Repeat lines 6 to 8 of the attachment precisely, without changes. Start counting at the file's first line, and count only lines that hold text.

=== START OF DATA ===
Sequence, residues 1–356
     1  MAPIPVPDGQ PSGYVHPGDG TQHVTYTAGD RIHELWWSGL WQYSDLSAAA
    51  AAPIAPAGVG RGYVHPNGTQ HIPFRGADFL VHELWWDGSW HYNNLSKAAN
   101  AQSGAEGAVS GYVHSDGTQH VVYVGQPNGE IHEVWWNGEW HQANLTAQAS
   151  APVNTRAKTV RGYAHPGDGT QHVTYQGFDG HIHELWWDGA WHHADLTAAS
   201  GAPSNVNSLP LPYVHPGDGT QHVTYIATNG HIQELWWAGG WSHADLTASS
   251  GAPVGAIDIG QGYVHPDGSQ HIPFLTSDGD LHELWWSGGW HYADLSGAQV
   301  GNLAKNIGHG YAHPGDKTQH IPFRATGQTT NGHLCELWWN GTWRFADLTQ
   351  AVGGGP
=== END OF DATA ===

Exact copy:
   201  GAPSNVNSLP LPYVHPGDGT QHVTYIATNG HIQELWWAGG WSHADLTASS
   251  GAPVGAIDIG QGYVHPDGSQ HIPFLTSDGD LHELWWSGGW HYADLSGAQV
   301  GNLAKNIGHG YAHPGDKTQH IPFRATGQTT NGHLCELWWN GTWRFADLTQ